[This message has been edited by kcu (2/8/2012)]
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Posted by Wendy Wilson (+6171) 10 years ago
kcu,

I wasn't being snarky or implying that you were doing anything nefarious. I appreciate your apology and apologize in turn for causing you any anxiety. My comment was intended to remind folks of the possible problems with "being nice" in the rental world. Taxes are all I think about this time of year so I have a bit of tunnel vision.

mckee,

You can go to the irs.gov website and search for not-for-profit activity. You should find some information about it. Also, there is an IRS publication specifically on rental activities that also discusses the issue. I believe that you can download it or order a paper copy for free.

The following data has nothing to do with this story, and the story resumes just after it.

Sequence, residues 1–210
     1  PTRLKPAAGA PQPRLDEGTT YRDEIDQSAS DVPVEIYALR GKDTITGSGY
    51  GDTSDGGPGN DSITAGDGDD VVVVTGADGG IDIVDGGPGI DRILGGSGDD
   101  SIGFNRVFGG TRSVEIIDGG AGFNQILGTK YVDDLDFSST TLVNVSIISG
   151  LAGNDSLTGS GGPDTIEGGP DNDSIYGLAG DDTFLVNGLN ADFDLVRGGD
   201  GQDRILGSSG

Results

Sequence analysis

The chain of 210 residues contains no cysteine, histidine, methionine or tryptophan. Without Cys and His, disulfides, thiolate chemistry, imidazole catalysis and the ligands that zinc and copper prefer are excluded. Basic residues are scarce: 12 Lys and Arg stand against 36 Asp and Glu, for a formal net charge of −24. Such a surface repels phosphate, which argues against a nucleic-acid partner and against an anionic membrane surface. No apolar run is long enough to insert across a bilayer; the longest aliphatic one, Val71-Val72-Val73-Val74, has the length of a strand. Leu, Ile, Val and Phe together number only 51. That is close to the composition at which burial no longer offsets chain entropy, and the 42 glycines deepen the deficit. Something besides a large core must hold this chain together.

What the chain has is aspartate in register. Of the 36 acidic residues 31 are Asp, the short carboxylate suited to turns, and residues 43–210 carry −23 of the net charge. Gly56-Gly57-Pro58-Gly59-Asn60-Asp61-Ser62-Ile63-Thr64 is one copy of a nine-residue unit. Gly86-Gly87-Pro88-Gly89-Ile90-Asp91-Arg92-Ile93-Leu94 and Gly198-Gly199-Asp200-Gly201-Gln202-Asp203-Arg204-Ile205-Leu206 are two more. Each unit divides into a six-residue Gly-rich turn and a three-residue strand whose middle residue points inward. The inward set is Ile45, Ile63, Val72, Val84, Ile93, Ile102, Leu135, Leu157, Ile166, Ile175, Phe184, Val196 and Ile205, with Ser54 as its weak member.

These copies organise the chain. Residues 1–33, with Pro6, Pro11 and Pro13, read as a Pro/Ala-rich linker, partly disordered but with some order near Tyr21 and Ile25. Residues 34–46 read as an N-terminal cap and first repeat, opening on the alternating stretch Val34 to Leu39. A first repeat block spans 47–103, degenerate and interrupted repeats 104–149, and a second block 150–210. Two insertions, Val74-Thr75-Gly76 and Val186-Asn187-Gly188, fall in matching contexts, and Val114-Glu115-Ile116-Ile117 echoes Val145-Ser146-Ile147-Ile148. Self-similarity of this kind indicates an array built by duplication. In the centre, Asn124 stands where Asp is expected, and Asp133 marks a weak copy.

And to set the record straight, I'm not a CPA or an accountant, really. I'm an Enrolled Agent who prepares tax returns for individuals. But you can call me Sensei.
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Posted by Mrs. M (+716) 10 years ago
Wendy, I thought you earned your law degree, are you a tax attorney?
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Posted by Wendy Wilson (+6171) 10 years ago
Yes, I earned my degree but I'm not a practicing attorney at the moment. I'm not a tax attorney. I'm an attorney who happens to do tax returns. Tax attorneys don't usually prepare tax returns.
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Posted by Mrs. M (+716) 10 years ago
Thanks from your old neighbor across the street. Actually saw your mom the other day. We talk about doing something but neither one of us gets across Main. LOL